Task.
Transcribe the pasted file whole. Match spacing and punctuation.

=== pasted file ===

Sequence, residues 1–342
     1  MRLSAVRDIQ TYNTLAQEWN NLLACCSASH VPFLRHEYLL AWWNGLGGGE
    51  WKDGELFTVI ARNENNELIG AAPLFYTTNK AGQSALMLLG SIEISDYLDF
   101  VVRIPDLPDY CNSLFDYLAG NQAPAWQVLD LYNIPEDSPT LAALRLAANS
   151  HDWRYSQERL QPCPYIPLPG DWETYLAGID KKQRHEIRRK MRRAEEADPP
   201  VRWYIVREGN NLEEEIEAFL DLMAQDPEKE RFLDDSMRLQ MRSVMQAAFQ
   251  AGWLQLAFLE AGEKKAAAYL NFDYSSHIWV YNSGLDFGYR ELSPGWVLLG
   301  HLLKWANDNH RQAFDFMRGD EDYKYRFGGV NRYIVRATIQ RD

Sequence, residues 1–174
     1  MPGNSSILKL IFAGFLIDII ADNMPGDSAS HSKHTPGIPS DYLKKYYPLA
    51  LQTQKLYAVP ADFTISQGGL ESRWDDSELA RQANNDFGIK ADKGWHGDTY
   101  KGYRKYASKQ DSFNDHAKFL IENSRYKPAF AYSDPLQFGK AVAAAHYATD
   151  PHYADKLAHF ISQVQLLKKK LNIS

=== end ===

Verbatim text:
Sequence, residues 1–342
     1  MRLSAVRDIQ TYNTLAQEWN NLLACCSASH VPFLRHEYLL AWWNGLGGGE
    51  WKDGELFTVI ARNENNELIG AAPLFYTTNK AGQSALMLLG SIEISDYLDF
   101  VVRIPDLPDY CNSLFDYLAG NQAPAWQVLD LYNIPEDSPT LAALRLAANS
   151  HDWRYSQERL QPCPYIPLPG DWETYLAGID KKQRHEIRRK MRRAEEADPP
   201  VRWYIVREGN NLEEEIEAFL DLMAQDPEKE RFLDDSMRLQ MRSVMQAAFQ
   251  AGWLQLAFLE AGEKKAAAYL NFDYSSHIWV YNSGLDFGYR ELSPGWVLLG
   301  HLLKWANDNH RQAFDFMRGD EDYKYRFGGV NRYIVRATIQ RD

Sequence, residues 1–174
     1  MPGNSSILKL IFAGFLIDII ADNMPGDSAS HSKHTPGIPS DYLKKYYPLA
    51  LQTQKLYAVP ADFTISQGGL ESRWDDSELA RQANNDFGIK ADKGWHGDTY
   101  KGYRKYASKQ DSFNDHAKFL IENSRYKPAF AYSDPLQFGK AVAAAHYATD
   151  PHYADKLAHF ISQVQLLKKK LNIS